After the first couple weeks of the season and a few starts from Red Sox knuckleballer Steven Wright, there was much talk about his success. Some said at the time it wouldn’t last and a few others were ready to jump on the Wright train. Almost at the halfway point of the 2016 season, if you haven’t jumped on the Wright bandwagon, what are you waiting for?
Wright has been on a roll this 2016 season. In 12 starts he has had only one hiccup, where he allowed five earned runs against the Houston Astros in May, which was the first time he has given up more than three earned runs since July 20th of last season. Without that game against the Astros in May, he would have an ERA under 2.00, which just goes to show how dominate he has truly been.
However, despite all of his promising performances, there are still many people sitting on the edge of their seats every time he takes the mound waiting for his collapse. Well, he is leading the American League with a 2.09 ERA and most certainly will be earning a chance to represent the Red Sox in the All-Star Game, so this collapse may not be happening for a while.
Looking deeper into his stats, one can see that there are some numbers that show he can potentially keep up this pace.
Wright has seen a reduction in his fly ball rate from last year, falling from 43.2% all the way down to 33.8%. Letting up only three home runs in 82 innings has helped him have a 0.33 HR/9 to go along with an HR/FB rate of 3.9%, significantly lower than his 12.3% from last year.
He is giving up fewer home runs and hard hit balls, all while keeping the ball on the ground. A possible key to his recent success can coincidently be a result of Wright throwing a variety of pitches. This year he is actually throwing his trademark pitch only 82.1% of the time, unlike last year where he threw it with almost 90% frequency. He has added a curveball that he didn’t throw last year to go along with his fastball. Having three pitches that vary from low 70’s to mid 80’s MPH have noticeably kept batters more off balanced than ever before, as his swinging strikes have increased from 9.3% last year to 11.4%.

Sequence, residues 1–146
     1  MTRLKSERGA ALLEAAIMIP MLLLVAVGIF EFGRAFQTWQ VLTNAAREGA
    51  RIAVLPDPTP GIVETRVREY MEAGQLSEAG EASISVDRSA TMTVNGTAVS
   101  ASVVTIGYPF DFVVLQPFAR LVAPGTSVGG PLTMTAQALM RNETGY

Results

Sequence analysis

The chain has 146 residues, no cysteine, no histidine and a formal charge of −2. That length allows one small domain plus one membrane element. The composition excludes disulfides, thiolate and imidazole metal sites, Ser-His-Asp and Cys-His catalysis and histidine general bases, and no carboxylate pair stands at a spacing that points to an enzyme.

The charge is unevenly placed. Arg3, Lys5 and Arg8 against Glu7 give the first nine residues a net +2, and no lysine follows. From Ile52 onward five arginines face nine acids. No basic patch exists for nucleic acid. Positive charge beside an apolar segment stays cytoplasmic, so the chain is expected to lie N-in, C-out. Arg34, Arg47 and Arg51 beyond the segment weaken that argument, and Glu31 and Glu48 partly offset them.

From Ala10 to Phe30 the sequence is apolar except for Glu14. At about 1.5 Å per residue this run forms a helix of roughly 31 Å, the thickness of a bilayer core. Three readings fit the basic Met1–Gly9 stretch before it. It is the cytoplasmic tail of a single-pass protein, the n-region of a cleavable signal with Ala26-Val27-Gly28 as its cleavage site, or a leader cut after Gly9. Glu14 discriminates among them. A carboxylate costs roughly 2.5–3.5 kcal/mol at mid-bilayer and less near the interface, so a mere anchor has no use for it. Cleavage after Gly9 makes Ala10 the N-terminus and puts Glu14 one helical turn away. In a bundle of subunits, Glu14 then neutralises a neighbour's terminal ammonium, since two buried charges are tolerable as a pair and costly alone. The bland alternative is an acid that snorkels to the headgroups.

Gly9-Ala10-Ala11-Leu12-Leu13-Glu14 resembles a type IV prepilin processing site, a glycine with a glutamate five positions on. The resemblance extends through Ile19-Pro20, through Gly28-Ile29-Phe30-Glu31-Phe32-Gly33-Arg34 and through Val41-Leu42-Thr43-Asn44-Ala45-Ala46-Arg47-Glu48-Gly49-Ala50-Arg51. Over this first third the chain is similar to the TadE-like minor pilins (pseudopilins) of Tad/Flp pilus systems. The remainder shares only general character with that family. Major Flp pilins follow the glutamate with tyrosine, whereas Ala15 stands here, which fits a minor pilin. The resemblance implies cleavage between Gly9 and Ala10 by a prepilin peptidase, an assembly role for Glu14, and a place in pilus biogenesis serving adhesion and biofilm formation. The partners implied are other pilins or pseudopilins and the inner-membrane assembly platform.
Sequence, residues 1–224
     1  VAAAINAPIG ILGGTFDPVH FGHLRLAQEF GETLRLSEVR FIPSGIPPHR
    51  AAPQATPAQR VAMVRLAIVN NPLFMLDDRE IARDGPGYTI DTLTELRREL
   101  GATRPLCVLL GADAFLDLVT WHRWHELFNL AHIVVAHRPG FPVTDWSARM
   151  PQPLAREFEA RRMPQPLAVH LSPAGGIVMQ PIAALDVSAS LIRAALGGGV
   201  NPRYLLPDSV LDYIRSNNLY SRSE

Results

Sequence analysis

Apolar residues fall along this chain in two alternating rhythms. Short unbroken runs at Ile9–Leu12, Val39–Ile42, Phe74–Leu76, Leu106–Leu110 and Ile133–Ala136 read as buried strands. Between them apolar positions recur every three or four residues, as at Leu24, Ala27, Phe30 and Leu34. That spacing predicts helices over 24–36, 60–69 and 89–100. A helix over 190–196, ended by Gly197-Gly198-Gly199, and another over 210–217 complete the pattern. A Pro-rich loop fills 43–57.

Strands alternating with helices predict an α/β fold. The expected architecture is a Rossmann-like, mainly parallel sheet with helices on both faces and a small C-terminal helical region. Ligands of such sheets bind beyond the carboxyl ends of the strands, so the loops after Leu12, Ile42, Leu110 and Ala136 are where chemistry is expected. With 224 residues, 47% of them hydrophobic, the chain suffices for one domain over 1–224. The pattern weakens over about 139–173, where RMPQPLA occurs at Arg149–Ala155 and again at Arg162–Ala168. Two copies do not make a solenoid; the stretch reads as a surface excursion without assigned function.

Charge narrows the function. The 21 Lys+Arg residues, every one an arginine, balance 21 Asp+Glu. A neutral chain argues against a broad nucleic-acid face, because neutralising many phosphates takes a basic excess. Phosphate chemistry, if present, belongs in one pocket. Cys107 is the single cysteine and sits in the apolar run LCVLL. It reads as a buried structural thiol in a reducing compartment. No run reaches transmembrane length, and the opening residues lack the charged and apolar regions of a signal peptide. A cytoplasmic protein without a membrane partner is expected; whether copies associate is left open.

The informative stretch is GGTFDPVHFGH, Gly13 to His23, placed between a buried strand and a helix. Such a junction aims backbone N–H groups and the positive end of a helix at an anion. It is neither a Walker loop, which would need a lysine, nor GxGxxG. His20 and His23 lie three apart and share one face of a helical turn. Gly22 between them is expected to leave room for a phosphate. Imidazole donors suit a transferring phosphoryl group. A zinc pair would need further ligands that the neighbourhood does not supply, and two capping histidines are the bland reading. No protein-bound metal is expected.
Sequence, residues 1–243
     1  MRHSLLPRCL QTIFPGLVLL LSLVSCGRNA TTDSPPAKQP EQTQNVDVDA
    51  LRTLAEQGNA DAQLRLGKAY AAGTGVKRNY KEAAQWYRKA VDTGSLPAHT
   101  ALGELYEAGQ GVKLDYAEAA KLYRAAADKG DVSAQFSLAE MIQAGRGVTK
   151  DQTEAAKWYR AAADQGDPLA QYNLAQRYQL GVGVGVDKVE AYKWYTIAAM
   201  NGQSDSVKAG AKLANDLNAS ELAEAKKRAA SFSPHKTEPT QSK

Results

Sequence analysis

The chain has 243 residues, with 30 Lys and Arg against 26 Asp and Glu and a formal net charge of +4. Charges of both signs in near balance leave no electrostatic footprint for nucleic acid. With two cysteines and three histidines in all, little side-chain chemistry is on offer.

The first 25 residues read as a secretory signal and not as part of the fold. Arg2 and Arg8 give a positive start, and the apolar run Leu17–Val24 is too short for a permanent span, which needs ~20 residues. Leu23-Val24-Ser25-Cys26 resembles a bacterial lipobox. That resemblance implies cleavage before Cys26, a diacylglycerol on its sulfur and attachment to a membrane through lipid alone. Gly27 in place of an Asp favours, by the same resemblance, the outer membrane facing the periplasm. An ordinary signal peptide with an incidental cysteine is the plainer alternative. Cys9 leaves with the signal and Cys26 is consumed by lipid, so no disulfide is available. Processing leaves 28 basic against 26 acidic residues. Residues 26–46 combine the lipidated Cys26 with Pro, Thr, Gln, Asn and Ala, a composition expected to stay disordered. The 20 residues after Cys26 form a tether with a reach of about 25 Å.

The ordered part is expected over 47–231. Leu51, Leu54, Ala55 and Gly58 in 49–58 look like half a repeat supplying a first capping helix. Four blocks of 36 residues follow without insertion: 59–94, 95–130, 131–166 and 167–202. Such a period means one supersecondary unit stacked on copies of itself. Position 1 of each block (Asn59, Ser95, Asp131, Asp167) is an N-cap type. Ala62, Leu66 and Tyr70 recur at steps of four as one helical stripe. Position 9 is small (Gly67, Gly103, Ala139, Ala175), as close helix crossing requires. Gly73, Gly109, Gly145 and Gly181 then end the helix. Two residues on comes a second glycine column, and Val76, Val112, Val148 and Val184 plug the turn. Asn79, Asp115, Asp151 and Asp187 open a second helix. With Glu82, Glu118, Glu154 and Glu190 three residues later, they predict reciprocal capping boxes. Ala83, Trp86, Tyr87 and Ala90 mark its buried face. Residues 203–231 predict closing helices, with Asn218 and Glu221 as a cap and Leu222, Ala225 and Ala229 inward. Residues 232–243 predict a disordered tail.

The biggest takeaway is that Wright is giving up more soft contact and fewer fly balls, which has subsequently helped him keep the ball in the yard and given his fielders behind him a chance to make plays. It is most certainly not guaranteed that he will keep it up, but as long as he keeps mixing up his pitches and keeping the ball out of the air, there is little reason as to why his success shouldn’t continue.
Wright has most certainly not won everyone over, as there are still the doubters out there, but for me I jumped on the Wright train a long time ago, and I highly suggest climbing aboard. Even if he has regression during the second half, it is safe to say that he has definitely gone above expectations and now we know for sure that Steven Wright has the capability of pitching like an ace in the back end of a rotation. And if he ever finds himself in a time of possible struggle, be patient and always remember the type of knuckleball pitcher he can be.
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